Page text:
This novel about a murderous nanny, Moroccan author Slimani’s first to be published in the U.S., was awarded the 2016 Priz Goncourt.
Inspired by a 2012 case involving an Upper West Side nanny accused of killing two children in her charge, Slimani’s novel moves the story to a similarly upscale locale, the tenth arrondissement of Paris. Since the book opens with the murders, leaving no doubt as to the culprit, the reader quickly gathers that the inquiry here is not who did it but why. A narrative that is chiefly flashback attempts to reverse-engineer an explanation. Louise, a middle-aged widow with an estranged adult daughter, is hired by a professional couple to look after their young children, Mila and Adam. The father, Paul, is a rising music producer, and the mother, Myriam, an attorney who's just taken a demanding position at a law firm. Myriam and Paul are pleasantly surprised by Louise’s spectacular suitability for her job: not only does she quickly win over the children with her creative games and sense of play, but she goes above and beyond a nanny’s role, becoming a housekeeper and general factotum. Never has the apartment looked so clean, never have meals been so appetizing and nourishing. Her employers take Louise along on their summer vacation to Greece, where she begins to see possibilities beyond her constricted life. However, the idyll is threatened on all sides when the pathology underlying Louise’s perfectionism begins to emerge. The near-omniscient point of view darts in and out of the consciousness of many characters, some quite marginal. Consequently, the depiction of internal pressures building to a homicidal pitch is fragmentary at best. Ultimately, the evidence against Louise, whether of compulsive behavior, mental illness, bad luck, or just extreme loneliness, does not add up to a motive for infanticide. The prose, despite Taylor’s often slapdash translation, manages to convey an atmosphere of creeping dread reminiscent of Modiano, but with more lurid details.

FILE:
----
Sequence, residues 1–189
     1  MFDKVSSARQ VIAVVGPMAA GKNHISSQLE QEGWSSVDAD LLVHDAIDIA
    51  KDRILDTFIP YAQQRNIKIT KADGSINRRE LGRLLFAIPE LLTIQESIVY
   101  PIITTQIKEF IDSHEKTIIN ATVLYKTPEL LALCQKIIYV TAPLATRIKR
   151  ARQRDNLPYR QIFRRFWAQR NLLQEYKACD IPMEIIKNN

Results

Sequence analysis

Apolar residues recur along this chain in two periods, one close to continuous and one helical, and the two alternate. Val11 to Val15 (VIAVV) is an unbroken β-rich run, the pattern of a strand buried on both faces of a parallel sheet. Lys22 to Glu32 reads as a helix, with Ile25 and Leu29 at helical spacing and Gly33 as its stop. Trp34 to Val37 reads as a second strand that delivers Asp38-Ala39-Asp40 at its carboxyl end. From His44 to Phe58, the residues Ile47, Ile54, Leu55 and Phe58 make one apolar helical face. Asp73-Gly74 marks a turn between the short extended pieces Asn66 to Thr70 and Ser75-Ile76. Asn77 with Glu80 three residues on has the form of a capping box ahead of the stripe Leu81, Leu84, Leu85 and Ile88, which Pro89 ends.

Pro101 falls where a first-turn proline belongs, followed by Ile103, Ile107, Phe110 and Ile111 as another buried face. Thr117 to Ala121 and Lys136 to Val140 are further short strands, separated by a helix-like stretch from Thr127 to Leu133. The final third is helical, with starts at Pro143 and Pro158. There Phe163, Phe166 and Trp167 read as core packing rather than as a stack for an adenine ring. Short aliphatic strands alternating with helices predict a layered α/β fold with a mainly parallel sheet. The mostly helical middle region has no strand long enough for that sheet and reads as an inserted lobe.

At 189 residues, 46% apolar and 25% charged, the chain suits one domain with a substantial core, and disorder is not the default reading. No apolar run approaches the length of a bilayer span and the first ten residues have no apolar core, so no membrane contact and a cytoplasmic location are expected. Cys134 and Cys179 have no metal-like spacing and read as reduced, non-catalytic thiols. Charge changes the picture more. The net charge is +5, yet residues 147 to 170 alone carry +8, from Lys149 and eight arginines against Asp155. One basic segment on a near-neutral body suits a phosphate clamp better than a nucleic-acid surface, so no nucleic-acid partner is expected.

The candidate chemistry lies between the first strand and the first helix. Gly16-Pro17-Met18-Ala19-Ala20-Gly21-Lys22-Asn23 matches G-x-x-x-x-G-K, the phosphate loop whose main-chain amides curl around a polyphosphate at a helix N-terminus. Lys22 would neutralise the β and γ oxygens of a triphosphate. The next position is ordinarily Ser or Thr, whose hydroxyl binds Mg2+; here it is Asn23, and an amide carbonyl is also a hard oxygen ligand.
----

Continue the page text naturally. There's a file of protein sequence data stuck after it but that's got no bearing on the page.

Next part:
The why of this horrific crime remains unfathomable, rendering it all the more frightening.